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To the Editor of the Christian Observer.
that period smuggling was almost uniANECDOTES OF THE REV. MR. WALKER, OF TRURO.
versal in Cornwall; and was in general SIR,
scarcely considered, even by respectable The works of the late Reverend Mr. characters, as criminal. Mr. Walker, Walker of Truro, are probably known was struck with the conscientiousness to many
your readers, and, I appre- displayed in this affair, and was curious hend, that few are acquainted with his to know whether the same strictness of writings, who would not wish to be in. morals manifested itself throughout the formed of any particulars respecting his whole of Mr. Conon's conduct. He life. The generation of those amongst cultivated, therefore, a close acquainwhom he lived, and who could describe tance with him; he observed him narthe piety and excellence of his conduct, rowly; and the result was a high veneis almost passed away, and with it will ration for a man who appeared to be soon be lost to the world the knowledge actuated by principles of greater purity, of many circumstances respecting him, than any other person with whom he which might minister much instruction had been acquainted. In the course of and edification. I wish this considera. an interesting conversation with him on tion might influence the remaining few, the nature of true faith, Mr. Walker who were personally acquainted with perceived the source of that excellence him, (and of these I know some are which was visible in his friend. He numbered ainongst your readers) to en- learned that true faith was such a lively rich your Miscellany with select anec- apprehension of the goodness of God in dotes of that good man, whose works Christ Jesus, as wrought an entire no Christian can peruse without becom- change of sentiments, pursuits, and con: ing more humble by the exposure of duct in the man, such as made him a the depravity of the human heart, more new creature, He was convinced, that grateful for the pardon so freely offered hitherto he himself had professed only a by Christ, and more earnest to obtain barren and dead faith ; and he was deterthe grace communicated through the mined, by the grace of God, now to seek influence of the Holy Spirit.
that faith which gives abiding subsisMr. Walker was first impressed with tence in the mind to things hoped for, a sense of the importance of vital Chris- and communicates, as it were, a pretianity, as distinguished from what is sence and reality to things invisible. merely nominal, by means of his ac That this determination was the fruit quaintance with Mr. Conon, Master of of true piety, and accompanied by the the Grammar School in Truro. His divine blessing, soon appeared. The knowledge of him originated in the fol- style of his preaching was changed. As lowing circumstance. Mr. Conon sent he felt the powerful influence of true a letter to him, enclosing a sum of mo. faith on his own soul, he described in ney, which he requested Mr. Walker to his discourses its operation with perpay to the proper officer of the custom- spicuity, and strongly asserted its unihouse, as an act of justice to the revenue. versal necessity.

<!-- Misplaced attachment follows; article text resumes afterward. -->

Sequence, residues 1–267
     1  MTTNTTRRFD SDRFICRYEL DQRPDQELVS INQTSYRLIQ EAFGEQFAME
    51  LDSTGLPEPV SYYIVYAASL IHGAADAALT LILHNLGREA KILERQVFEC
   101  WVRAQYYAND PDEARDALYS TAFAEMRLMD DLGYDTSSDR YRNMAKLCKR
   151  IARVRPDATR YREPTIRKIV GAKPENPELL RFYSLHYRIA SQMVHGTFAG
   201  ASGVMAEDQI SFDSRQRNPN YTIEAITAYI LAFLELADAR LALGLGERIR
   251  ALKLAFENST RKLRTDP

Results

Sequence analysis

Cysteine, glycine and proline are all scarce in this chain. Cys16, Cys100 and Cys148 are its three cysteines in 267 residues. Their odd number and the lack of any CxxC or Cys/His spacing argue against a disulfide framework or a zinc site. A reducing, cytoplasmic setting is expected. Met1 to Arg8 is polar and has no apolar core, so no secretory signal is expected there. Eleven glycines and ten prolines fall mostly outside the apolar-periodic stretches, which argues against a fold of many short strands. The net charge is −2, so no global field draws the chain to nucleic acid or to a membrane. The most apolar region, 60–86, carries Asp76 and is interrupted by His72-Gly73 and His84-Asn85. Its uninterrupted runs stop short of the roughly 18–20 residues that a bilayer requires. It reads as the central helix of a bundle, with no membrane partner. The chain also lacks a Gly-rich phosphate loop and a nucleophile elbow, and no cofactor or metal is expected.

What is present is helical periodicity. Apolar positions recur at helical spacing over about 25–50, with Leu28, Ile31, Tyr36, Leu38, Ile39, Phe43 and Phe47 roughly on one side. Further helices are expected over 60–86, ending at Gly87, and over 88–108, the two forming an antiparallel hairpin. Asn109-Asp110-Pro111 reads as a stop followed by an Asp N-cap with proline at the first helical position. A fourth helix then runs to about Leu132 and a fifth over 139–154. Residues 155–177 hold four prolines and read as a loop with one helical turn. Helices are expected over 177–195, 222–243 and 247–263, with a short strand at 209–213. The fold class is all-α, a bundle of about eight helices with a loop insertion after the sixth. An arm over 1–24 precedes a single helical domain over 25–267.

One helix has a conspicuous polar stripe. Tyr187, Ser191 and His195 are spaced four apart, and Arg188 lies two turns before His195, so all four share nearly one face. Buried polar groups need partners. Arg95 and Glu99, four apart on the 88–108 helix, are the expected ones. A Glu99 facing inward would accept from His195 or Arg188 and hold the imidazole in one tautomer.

His views on this The letter contained an apology for subject, were clearly unfolded in the giving that trouble to Mr. Walker, but adınirable sermons afterwards publishstated, that his public character would ed, entitled, The Christian a new Creature, prevent the suspicion which might have the substance of which was delivered attached to the writer, had he employed about that period.
The impression one of his own friends on the occasion. made by those sermons was so striking, It also explained the nature of the trans- that, as a by-stander remarked, the action which caused this application; whole congregation, then an exceedingviz. that Mr. Conon having been in the ly large one, seemed to retire from the habit of drinking French wines for his Church in profound meditation, and with health, could obtain none in that neigh- secret conviction that if such a change bourhood for which the duty had been of heart was necessary to constitute the paid. He took this method, therefore, Christian character, they could scarcely of paying custom to whom custom was lay claim to it. due. It is necessary to remark, that at Such preaching could not long be